Face masks much more protecting in opposition to COVID-19 than face shields, warn CDC consultants
Researchers at the Centers for Disease Control and Prevention (CDC) conducted a study showing that face masks and neck gaiters were much more effective at reducing the release of breath aerosols that could potentially transmit Severe Acute Respiratory Syndrome 2 (SARS) seem to be as face protection -CoV-2).
SARS-CoV-2 is the causative agent of the current 2019 coronavirus disease (COVID-19) pandemic, which continues to pose a persistent threat to global public health and the economy.
Using a cough aerosol simulator to expel small aerosol particles into various face coverings, the team found that the N95 ventilator, procedural mask, cloth mask, and neck gaiters were effective at reducing the emission of aerosols, while the face shield did not.
“Our results suggest that face masks and neck gaiters are preferable to face shields as source control devices for cough aerosols,” write William Lindsley and colleagues.
A pre-print version of the paper is available on the medRxiv * server while the article is being peer-reviewed.
Cough aerosol simulator system for source control measurements. The system consists of an aerosol generation system, a bellows and a linear motor to generate the simulated cough, a flexible skin head shape on which the face mask, neck seal or face shield is placed, a 105 liter collection chamber into which the aerosol is coughed and a Andersen impactor to separate and collect the aerosol particles by size.
Community transmission can be through infected aerosol droplets
SARS-CoV-2 can be transmitted from person to person via large breathing aerosols (diameter larger than approx. 10 µm), which occur when an infected person coughs, sneezes, breathes, speaks or sings.
However, smaller aerosols are also released during these activities, suggesting that short-range airborne viruses may also be transmitted.
To protect themselves from this potential community route of transmission, various public health agencies, including the CDC and the World Health Organization (WHO), have recommended the public wear face masks or other face coverings as version control devices.
“Source control devices are designed to protect other people from infectious aerosols emitted by the wearer, compared to personal protective equipment such as N95 respirators, which are primarily designed to protect the wearer,” the team explains.
However, people often don’t like wearing face masks, and compliance levels can be low and inconsistent, the researchers say.
Individuals can repeatedly remove, replace, and further adjust the mask, which can contaminate the hands. This potentially leads to the transmission of the virus, especially in cases where the masks are reused.
Face shields have been proposed as an alternative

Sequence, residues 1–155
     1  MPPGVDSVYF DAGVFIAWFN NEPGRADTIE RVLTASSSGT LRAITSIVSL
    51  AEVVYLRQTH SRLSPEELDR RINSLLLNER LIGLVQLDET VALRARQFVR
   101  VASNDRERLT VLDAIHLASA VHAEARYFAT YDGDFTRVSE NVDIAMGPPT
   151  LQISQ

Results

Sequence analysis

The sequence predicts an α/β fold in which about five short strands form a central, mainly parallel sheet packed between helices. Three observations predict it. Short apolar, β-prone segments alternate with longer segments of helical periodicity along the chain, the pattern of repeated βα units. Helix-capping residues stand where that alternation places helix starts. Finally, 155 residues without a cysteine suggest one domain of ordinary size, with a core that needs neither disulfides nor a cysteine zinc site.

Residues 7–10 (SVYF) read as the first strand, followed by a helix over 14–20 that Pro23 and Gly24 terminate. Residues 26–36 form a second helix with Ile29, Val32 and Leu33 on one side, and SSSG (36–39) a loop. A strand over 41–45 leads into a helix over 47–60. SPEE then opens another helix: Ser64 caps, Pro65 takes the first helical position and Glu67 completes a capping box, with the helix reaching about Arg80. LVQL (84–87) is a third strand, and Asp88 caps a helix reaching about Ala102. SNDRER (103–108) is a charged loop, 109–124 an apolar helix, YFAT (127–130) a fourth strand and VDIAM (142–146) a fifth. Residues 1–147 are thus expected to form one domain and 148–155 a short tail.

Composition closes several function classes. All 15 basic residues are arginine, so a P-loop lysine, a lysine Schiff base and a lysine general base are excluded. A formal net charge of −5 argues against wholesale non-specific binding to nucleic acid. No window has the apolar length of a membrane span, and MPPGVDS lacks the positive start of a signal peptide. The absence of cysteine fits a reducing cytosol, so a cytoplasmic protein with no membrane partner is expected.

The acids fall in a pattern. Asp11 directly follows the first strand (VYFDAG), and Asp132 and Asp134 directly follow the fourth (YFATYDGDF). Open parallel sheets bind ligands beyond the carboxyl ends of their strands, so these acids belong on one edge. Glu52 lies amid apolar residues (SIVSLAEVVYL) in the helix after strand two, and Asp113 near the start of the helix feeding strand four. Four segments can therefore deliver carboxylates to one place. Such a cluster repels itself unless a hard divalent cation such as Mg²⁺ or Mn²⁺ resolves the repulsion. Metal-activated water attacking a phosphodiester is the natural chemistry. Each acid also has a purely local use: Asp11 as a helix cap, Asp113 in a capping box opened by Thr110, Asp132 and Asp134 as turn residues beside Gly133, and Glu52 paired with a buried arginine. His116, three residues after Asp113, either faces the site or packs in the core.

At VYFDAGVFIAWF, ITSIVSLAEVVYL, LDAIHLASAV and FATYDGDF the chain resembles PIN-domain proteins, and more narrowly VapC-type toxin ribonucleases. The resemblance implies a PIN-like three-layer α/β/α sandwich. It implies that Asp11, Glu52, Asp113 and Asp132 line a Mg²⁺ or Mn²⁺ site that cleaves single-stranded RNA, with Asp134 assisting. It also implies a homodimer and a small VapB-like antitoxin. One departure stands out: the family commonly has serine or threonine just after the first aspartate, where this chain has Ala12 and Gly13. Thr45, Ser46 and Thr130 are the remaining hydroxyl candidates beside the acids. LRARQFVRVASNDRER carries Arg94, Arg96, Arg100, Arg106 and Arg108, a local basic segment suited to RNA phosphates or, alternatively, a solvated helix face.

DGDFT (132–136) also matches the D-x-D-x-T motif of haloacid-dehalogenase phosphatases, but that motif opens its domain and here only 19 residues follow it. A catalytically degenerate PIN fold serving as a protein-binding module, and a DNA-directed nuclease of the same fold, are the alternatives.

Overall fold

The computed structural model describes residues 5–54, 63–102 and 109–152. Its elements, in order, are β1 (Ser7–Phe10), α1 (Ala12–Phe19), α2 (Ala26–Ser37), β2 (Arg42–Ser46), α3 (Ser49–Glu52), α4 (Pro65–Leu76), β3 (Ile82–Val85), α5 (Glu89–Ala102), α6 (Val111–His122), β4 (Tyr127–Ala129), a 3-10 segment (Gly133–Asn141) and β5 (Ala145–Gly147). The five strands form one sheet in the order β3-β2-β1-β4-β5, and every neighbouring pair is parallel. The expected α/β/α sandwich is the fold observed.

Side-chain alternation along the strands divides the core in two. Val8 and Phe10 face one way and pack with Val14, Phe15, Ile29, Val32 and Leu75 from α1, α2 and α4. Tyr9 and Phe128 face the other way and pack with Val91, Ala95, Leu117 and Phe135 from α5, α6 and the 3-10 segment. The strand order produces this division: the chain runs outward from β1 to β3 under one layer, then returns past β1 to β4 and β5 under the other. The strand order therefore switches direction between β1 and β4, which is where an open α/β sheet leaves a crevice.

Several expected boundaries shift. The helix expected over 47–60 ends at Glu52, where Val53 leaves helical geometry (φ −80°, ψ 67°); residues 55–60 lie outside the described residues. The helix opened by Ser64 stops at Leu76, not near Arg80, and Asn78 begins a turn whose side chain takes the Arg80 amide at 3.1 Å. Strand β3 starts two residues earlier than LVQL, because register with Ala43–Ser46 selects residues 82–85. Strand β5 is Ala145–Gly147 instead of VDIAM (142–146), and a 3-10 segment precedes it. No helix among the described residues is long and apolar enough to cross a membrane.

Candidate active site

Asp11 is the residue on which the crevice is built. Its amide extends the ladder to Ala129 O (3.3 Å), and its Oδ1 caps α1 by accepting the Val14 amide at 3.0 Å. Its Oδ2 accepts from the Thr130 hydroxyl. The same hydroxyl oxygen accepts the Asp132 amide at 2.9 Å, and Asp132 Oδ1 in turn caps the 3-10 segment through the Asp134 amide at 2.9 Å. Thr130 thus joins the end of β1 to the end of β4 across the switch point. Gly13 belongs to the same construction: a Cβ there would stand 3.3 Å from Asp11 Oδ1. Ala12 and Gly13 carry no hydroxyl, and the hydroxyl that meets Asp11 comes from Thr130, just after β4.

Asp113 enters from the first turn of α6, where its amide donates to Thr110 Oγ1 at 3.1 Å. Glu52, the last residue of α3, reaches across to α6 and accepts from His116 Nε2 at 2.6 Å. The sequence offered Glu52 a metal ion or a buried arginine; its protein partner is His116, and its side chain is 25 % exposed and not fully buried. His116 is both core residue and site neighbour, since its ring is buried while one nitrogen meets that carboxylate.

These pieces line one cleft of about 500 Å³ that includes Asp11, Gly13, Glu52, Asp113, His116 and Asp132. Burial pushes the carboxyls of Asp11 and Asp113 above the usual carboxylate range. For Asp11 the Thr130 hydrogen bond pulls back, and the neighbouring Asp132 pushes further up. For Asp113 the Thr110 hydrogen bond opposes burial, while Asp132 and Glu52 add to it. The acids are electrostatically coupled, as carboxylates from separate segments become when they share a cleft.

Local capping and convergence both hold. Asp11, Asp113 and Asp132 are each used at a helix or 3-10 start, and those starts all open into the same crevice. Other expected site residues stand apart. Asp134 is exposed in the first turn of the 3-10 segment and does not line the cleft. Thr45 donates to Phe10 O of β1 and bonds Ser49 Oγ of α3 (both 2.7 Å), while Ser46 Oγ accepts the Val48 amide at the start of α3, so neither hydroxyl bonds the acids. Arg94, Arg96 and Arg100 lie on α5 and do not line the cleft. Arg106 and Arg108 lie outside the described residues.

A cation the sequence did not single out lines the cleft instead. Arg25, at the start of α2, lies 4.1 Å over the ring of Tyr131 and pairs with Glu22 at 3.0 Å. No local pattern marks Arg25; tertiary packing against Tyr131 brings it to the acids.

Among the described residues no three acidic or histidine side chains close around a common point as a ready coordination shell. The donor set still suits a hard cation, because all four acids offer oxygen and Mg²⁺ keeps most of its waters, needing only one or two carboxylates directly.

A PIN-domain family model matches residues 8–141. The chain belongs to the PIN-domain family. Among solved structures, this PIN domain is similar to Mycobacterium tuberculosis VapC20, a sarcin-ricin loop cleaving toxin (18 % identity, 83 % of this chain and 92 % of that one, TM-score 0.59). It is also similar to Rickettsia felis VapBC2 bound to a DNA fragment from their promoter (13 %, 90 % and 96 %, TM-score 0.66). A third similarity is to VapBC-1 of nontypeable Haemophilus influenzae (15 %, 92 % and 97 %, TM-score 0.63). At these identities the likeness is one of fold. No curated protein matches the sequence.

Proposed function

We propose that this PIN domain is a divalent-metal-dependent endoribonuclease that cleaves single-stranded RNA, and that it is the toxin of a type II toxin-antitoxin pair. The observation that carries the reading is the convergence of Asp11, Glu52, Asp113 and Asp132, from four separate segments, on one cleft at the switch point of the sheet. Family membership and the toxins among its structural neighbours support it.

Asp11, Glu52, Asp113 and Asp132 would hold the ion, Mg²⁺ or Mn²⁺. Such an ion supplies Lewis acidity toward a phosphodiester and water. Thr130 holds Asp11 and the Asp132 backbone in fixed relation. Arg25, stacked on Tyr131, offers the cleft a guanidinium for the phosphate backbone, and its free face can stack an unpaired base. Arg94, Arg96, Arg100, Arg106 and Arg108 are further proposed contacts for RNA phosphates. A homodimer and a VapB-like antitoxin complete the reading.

In an opinion piece in the Journal of the American Medical Association, the researchers suggested that face shields may be more effective at reducing transmission in the community because they are more comfortable and therefore more likely to be widely adopted by the public.
However, a few studies have examined face shields as source control devices and lack quantitative data on effectiveness.
What did the current study include?
Now, Lindsley and colleagues have used a cough aerosol simulator to eject a cloud that simulates small breath aerosols (0 to 7 µm in diameter) into various types of face coverings and assess the amount of particles that could move through and around each device.
Researchers tested the collection efficiency (the amount of aerosols blocked by the device) of an N95 ventilator, a medical procedure mask, a commercially available 3-layer fabric face mask, a polyester neck seal, and a commercially available disposable face shield.
Neck gaiters are worn either as a single layer of fabric or as a folded two-layer fabric. For the experiments conducted in this study, the researchers tested both configurations.
Face masks and gaiters were much more effective than face shields
On average, the N95 ventilator prevented 99% of all cough aerosol from being expelled into the environment, while the procedural mask blocked 59% and the cloth mask blocked 51%.
The neck gaiter blocked 47% of the cough aerosol when worn as a single layer and 60% when worn as a double layer.
The face shield, however, only prevented 2% of the cough aerosol from being released into the atmosphere.
There were no significant differences in the collection efficiency of the procedural mask, cloth mask, and neck seal, but all of these devices were significantly more effective than the face shield.
“Our results suggest that face coverings as source control devices are more effective than face shields in reducing the release of breath aerosols into the environment as a public health measure and in reducing the transmission of SARS-CoV-2 in the community,” the team concludes .
* Important NOTE
medRxiv publishes preliminary scientific reports that are not peer-reviewed and, therefore, should not be considered conclusive, guide clinical practice / health-related behavior, or be treated as established information.